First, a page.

NEW ALBANY — About two years ago, Alex Long said he learned the formulas associated with Newton's second law of motion. It states that the more mass an object has, the more force is required to accelerate it.

Long didn't know, though, that he'd be using that to launch a pumpkin as far as he possibly could at Purdue Polytechnic's second annual Pumpkin Chunking Competition on Tuesday.

“We just thought it would be fun,” Long, a senior at Silver Creek High School and member of the school's team. “Just launching pumpkins the length of a football field sounded awesome.”

This year, seven trebuchets — launchers similar to catapults — were built by different teams to fling the seasonal cultivars of squash down a 125 yard field. Purdue built its own trebuchet, but three high school teams, two enthusiast trebuchets and one corporate team faced off in the competition.

William Becht, a senior in Purdue's mechanical engineering technology program, helped with the school's machine for the second year in a row. After just trying to succeed in building anything at all last year, he said they wanted to apply their knowledge and really exceed last year's performance with a new design.

“It's really been fun because you get a lot of input from the community,” Becht said. “My dad has had a good time giving us input and it's been good to have his perspective. You can never have too many sets of eyes on something like this.”

Becht said this year, Purdue built a floating arm trebuchet. He said the design is more efficient and gives the team “more bang for their buck” than last year's simpler design. They got a 16-pound bowling ball to fly the full length of the course before the competition started up.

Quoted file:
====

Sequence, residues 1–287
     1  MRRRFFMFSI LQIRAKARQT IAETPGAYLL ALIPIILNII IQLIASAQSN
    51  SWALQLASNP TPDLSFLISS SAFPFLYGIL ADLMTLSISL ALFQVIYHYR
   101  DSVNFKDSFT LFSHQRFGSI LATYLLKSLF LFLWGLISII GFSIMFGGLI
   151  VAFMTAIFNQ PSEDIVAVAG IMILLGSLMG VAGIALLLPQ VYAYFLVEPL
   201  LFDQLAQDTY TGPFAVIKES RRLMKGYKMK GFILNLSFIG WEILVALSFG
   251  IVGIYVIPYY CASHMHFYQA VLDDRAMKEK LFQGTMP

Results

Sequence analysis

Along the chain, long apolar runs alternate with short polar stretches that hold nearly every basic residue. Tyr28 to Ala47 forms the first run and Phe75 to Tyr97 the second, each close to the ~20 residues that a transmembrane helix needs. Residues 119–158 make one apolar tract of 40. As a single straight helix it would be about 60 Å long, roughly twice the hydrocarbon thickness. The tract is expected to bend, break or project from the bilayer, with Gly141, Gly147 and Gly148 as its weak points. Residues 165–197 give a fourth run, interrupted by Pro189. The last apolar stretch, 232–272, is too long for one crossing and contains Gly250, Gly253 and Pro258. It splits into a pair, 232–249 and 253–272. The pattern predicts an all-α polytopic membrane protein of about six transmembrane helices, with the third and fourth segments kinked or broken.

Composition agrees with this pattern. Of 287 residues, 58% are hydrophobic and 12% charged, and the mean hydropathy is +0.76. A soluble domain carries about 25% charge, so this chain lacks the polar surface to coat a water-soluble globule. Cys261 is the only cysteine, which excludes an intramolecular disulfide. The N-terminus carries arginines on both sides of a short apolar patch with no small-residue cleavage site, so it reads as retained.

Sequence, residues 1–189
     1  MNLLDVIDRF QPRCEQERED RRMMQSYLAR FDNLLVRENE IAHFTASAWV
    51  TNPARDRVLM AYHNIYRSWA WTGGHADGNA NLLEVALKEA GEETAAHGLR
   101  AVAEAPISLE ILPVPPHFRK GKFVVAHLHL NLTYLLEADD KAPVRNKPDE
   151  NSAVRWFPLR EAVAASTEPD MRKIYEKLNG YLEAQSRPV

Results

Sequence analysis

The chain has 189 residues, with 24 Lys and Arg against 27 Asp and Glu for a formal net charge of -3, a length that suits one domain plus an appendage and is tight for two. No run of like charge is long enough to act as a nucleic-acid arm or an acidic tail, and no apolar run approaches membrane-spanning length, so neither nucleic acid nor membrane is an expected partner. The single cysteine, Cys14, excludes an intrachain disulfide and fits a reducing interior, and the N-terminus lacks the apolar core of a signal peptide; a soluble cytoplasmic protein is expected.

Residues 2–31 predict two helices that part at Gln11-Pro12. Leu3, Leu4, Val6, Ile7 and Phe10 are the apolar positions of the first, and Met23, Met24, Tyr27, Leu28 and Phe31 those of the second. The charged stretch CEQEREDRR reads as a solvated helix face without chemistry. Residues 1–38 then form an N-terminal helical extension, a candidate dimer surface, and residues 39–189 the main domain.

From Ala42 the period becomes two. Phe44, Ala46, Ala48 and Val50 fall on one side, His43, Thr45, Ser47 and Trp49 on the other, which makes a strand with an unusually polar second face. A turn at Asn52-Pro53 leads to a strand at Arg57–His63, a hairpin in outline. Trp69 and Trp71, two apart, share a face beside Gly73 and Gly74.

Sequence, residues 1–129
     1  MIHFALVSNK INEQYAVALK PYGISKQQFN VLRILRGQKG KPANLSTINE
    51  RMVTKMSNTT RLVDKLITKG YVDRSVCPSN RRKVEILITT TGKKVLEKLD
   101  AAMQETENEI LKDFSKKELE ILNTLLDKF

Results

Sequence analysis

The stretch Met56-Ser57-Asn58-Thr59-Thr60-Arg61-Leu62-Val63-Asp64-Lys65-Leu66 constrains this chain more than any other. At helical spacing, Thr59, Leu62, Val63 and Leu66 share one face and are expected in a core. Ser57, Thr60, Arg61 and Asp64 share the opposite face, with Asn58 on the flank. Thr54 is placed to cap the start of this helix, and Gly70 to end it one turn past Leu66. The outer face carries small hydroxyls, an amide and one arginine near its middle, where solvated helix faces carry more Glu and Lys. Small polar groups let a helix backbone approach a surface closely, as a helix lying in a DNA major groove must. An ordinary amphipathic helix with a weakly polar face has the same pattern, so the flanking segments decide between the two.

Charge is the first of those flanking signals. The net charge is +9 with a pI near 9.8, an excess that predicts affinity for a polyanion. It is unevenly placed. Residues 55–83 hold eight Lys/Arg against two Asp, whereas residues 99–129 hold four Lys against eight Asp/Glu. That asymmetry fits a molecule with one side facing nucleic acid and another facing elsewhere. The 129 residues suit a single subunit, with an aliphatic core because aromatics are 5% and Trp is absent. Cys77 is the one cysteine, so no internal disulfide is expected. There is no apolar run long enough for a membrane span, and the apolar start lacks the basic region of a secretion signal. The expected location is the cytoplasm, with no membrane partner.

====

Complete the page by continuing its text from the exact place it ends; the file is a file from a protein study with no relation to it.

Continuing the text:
He said he and his team, including fellow students Ben Wellner and Norman Elam, along with his brother, Jesse, have worked every Sunday for the last eight weeks building and testing the machine.

Other teams had as much time, but had other obligations that made building a little more difficult. Samtec is the competition's first corporate challenger. Derek Bernardi, an engineer at the company, said his team is used to bringing work home with them, but after several design changes, they just tried to build something that would work as quickly as possible.

Though their design wasn't as complex as some of the others in the field, he said they had fun with the project.

“There were some stressful nights, but that first night when we got it to fire correctly, we all just cheered,” Bernardi said. “There was a lot of stress leading up to this, but it's been a lot of fun.”

He said he plans on competing again next year, but hopes they can get a more comprehensive design together next time around.

This year, more student teams also signed up. Floyd Central High School returned to the competition, New Albany High School joined up and Silver Creek High School brought a team from their engineering courses.

John Edrington, a visiting assistant professor in mechanical engineering technology at the campus, said help also came from local groups to give teams a break in building materials. Each student team — college and high school — got $400 of lumber from PC Home Center in New Albany at company cost. He also said all the entry fees were donated to Harvest Homecoming for its scholarships awarded during “Who Wants to be a College Student?”

Edrington said he's glad to see high schools pushing students to join the competition and apply their engineering knowledge. That might be the push to get them into programs like Purdue's, he said.

He said for Purdue's team, he's glad they took a different approach to building this year.

“From my point of view, it's amazing to see students take that leap of faith,” Edrington said. “Some of these are complicated designs and there's no guarantee they will work.”

I'm the education reporter for the News and Tribune, covering four public school districts, private and charter schools, local universities and education programs in Clark and Floyd counties. Send story ideas my way!

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